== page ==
Chances are, not all 24 pitchers will make it through the next three months until pitchers and catchers report. Here’s how I see the current chopping block, in order:

  1. Stephen Tarpley
  2. Jonathan Holder
  3. Chance Adams
  4. Brooks Kriske
  5. Albert Abreu

Holder and Tarpley are each fine up-and-down arms, but they haven’t proven themselves more than OK middle relievers in a team full of pitchers. Holder is arb eligible for the first time and is projected to make $800K in 2020, but he also had a 6.31 ERA over 41 1/3 innings last year. Even with a strong 2018, he might struggle to make it through, as could Tarpley. Both had injuries that hampered their 2019 seasons.

Adams hasn’t taken as a starter, so it’s probably time to move him to relief full time and see if a healthy version of him can make it as a reliever. Kriske and Abreu, though both in Double-A and near the Majors, each have an injury history and could be expendable.

Luis Cessa, meanwhile, could fit on that list as he’s out of options, and the Yankees have that glut of pitchers on the roster. If J.A. Happ, Jonathan Loaisiga or Germán are moved to long relief in 2020, Cessa’s spot becomes tenuous, as it does if Adams breaks through.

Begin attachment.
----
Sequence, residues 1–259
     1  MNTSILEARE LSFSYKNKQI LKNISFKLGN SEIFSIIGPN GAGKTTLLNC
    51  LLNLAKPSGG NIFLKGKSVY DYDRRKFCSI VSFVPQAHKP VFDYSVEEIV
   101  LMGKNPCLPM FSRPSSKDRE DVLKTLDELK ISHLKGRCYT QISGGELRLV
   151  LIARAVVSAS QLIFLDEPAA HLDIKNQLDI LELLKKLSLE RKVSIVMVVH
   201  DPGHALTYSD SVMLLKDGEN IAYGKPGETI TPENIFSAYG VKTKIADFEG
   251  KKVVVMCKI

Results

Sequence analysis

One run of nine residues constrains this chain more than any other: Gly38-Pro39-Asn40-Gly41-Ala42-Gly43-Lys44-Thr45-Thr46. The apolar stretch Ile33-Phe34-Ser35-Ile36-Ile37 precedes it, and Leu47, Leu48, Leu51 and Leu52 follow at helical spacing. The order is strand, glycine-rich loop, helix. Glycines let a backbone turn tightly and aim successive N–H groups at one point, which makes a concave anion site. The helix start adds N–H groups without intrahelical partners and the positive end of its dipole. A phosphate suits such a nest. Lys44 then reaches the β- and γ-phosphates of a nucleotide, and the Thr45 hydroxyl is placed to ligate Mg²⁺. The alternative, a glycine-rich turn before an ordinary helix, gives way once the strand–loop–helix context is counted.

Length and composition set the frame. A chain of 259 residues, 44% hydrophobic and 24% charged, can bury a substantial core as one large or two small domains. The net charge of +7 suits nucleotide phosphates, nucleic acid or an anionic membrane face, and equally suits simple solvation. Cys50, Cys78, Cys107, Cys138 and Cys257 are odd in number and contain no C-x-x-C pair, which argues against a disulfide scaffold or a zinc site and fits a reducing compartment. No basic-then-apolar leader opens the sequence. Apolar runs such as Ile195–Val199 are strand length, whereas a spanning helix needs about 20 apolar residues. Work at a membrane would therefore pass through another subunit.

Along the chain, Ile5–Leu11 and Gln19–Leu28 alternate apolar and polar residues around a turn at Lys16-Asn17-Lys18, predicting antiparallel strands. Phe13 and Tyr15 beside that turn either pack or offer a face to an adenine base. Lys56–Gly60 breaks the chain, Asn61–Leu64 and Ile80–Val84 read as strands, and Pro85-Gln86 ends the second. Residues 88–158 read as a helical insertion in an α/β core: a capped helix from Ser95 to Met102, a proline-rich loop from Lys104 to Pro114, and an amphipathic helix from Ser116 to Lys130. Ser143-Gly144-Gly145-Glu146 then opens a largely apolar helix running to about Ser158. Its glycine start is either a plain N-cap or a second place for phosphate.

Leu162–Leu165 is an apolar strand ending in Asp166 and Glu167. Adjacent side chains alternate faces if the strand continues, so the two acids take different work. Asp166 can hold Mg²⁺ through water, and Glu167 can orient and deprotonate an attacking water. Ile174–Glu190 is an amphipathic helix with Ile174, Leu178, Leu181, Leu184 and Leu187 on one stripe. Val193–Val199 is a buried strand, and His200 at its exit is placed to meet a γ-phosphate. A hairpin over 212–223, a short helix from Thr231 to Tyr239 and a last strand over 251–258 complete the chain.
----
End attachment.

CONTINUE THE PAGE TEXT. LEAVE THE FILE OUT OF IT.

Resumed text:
Key date to watch out for: Dec. 2. That’s the non-tender deadline, which could be Holder, Cessa or Tarpley’s last stand.

5. Bird’s likely exit: Though the Yankees could potentially retain Bird after designating him for assignment Wednesday, I wouldn’t count on it. As he has more than three years of service time, he can elect free agency if he clears waivers.

With Luke Voit, DJ LeMahieu and Mike Ford all on the roster, the Yankees scarcely have room for a first base-only player like Bird that can barely stay on the field. His one-week stint in the Dominican Winter League was encouraging but not enough to save his roster spot.